This case involves an elderly man who was diagnosed with prostate cancer. He had been followed for over a decade by the same physician, who began performing PSA testing. A PSA was done which revealed a PSA level that was slightly above the upper normal limit threshold of 4.0 ng/ml. There was no digital rectal exam, and the elevated PSA study was never addressed. No follow-up studies were done until the patient presented to again with severe pain during urination. The patient’s prostate was markedly enlarged, and he was diagnosed with Stage IV cancer.
Question(s) For Expert Witness
- 1. What are the guidelines for screening when the PSA is steadily increasing?
Expert Witness Response E-014220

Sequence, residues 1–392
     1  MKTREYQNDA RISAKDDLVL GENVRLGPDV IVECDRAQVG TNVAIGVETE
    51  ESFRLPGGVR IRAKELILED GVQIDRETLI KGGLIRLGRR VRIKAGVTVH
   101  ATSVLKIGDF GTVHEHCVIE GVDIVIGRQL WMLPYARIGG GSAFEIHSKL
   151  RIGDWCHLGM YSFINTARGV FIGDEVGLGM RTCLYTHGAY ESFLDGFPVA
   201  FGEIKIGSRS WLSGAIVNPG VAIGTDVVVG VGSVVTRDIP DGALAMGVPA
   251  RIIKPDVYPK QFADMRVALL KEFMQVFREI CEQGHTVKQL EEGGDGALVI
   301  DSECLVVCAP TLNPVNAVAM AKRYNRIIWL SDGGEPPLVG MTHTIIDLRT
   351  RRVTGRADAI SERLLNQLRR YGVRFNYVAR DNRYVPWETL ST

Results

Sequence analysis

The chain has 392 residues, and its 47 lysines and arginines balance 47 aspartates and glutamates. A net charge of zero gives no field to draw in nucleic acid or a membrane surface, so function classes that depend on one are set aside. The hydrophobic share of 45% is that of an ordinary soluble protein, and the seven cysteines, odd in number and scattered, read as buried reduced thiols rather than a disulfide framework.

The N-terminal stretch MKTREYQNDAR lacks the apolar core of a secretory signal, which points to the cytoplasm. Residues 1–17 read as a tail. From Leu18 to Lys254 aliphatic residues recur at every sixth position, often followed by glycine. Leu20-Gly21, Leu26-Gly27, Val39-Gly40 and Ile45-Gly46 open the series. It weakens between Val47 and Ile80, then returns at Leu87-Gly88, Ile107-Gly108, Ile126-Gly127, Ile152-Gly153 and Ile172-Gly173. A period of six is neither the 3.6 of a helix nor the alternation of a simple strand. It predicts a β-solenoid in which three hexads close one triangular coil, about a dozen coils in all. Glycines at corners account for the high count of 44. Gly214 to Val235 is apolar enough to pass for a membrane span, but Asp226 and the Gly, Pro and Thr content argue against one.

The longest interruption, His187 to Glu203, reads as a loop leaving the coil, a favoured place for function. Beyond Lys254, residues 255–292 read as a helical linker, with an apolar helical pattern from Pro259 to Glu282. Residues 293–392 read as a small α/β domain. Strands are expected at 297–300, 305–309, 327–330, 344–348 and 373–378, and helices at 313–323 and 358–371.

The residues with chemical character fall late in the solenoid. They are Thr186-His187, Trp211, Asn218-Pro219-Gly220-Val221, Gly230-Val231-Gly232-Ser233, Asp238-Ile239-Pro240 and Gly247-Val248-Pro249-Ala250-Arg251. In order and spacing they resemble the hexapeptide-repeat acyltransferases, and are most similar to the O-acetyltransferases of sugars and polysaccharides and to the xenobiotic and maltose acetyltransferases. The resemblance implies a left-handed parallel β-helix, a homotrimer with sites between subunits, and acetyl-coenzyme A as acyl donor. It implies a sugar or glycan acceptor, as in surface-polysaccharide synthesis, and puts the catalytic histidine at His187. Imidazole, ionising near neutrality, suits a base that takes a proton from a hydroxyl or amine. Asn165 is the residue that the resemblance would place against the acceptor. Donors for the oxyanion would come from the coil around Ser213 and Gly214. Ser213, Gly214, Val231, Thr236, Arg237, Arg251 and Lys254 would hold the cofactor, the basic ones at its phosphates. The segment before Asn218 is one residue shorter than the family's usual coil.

This is a case of delayed diagnosis of prostate cancer. The delay led to progression to metastatic disease at the time of diagnosis. The delay is often a result of errors in prostate cancer/PSA screening-detection. The basic standard of care at this time consisted of the use of PSA, DRE and/or TRUS. In addition, the use of adjunctive measures were applied to improve both sensitivity and specificity of our basic screening measures, esp. PSA. This included variant PSA measures such as PSA kinetics (PSA velocity, PSA doubling time), % free PSA, PSA density (#PSA value/volume(size) of prostate gm/cc), and biomarkers (ex urine PCA-3 test). This case is an example of failing to adhere to the proper standards for PSA/Prostate ca screening. The provider in this case failed to appreciate clinically significant PSA elevation and PSA kinetics (specifically PSA velocity) and perform a proper DRE. If physician adhered to accepted standards this would have led to further evaluation which includes biopsy and ultimately diagnosis (at earlier stage).